Drug warning: Increase in suspected opioid overdosesIssued: Friday, October 8, 2021
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The Community Drug Strategy (CDS) for the City of Greater Sudbury has received reports of a higher number of suspected opioid overdoses in the past 48 hours and a more potent drug supply circulating within Greater Sudbury.
While we cannot confirm the substance that has caused the overdoses, this situation serves as an important reminder to the community that street drugs may be cut or mixed with substances such as benzos, fentanyl, or carfentanil, and that even a very small amount of these substances can cause an overdose.
An overdose occurs when a person uses more of a substance, or combination of substances, than their body can handle. As a consequence, the brain is unable to control basic life functions. The person might pass out, stop breathing or experience a seizure. Overdoses can be fatal.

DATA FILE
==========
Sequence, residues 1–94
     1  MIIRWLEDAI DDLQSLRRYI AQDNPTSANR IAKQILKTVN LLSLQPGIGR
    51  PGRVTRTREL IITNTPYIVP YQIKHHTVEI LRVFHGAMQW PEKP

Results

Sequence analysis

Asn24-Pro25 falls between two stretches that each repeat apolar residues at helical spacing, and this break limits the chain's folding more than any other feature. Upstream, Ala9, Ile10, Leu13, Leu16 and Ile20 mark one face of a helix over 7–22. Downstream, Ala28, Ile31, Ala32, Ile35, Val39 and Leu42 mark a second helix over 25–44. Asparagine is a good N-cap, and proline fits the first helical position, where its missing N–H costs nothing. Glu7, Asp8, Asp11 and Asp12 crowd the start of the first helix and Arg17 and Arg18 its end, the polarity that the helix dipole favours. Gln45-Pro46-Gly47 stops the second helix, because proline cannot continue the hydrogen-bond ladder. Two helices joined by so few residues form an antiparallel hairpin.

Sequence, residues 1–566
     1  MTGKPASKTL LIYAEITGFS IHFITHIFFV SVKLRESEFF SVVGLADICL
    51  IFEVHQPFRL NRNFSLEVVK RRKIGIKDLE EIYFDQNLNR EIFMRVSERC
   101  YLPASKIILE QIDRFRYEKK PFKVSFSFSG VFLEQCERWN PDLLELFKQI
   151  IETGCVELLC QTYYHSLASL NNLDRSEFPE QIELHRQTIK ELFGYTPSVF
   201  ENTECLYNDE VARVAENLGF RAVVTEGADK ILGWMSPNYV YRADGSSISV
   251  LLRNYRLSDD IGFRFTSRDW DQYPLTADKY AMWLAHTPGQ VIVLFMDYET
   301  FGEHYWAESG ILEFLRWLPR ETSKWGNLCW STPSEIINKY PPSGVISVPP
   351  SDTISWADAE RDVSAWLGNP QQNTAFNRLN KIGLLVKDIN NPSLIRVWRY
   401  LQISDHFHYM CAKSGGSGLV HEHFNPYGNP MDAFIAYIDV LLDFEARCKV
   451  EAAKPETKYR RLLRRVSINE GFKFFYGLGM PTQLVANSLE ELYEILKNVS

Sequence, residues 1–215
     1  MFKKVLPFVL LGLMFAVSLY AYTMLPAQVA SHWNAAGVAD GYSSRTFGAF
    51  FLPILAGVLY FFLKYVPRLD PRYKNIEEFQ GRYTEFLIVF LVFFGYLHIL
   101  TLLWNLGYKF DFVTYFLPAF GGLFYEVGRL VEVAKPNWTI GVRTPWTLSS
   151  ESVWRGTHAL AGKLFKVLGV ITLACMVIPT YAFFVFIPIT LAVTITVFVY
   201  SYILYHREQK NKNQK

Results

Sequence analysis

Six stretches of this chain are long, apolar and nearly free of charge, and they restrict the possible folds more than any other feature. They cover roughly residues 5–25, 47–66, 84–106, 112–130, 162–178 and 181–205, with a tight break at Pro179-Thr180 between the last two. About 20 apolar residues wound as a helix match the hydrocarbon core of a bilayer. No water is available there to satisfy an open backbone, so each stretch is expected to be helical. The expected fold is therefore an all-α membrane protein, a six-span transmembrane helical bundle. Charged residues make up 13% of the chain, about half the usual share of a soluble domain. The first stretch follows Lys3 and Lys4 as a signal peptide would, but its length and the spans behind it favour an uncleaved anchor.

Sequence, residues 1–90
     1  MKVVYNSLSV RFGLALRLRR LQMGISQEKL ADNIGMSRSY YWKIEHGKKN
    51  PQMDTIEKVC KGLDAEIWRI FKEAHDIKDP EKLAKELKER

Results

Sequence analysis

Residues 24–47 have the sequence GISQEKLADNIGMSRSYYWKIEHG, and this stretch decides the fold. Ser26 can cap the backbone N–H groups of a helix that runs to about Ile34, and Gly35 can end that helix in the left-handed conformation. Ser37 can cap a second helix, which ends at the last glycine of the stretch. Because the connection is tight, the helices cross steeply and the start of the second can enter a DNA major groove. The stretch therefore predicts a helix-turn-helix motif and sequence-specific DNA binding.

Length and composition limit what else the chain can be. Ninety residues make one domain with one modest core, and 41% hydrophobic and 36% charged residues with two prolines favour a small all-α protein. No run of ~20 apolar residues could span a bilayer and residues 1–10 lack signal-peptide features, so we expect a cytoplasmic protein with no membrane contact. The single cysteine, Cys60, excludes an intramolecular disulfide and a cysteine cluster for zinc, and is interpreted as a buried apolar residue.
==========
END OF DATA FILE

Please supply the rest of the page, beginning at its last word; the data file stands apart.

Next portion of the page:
Prevent opioid overdose / save lives:
- Avoid mixing drugs, including prescribed, over the counter, and illegal drugs.
- Avoid drinking alcohol while using other drugs.
- Use caution when switching substances: start with a lower dose than you usually would.
- If you have not used in a while, start with a lower dose. Your tolerance may be lower.
- Avoid using drugs when you are alone.
- Carry a naloxone kit.
- Call 911 if you suspect an overdose.
Overdose symptoms include:
- fingernails and lips turn blue or purplish black
- skin turns bluish purple, grayish or ashen depending on skin tone
- dizziness and confusion
- the person can’t be woken up
- choking, gurgling or snoring sounds
- slow, weak or no breathing
- drowsiness or difficulty staying awake
Benzodiazepines (Benzos) toxicity/overdose may last for hours and look like:
- extreme sleepiness or passing out
- poor balance and movement control
- slurred speech
- blackouts and memory loss
Benzodiazepines (Benzos) can be powerful sedatives also known as etizolam, Valium, Xanax, Ativan, clonazepam, Xylazine. Benzo toxicity on top of an opioid overdose might make a person unconscious for a long time. Benzos and opioids when taken together increase the risk of overdose and death.
How to respond to opioid overdose and benzo toxicity:
- GIVE NALOXONE. This will help reverse the opioid overdose. This may improve breathing, but the person may not regain consciousness due to sedation from benzos.
- Call 911 to get medical help and keep monitoring their breathing.
Please distribute this information widely to help share the message.
This item was last modified on October 8, 2021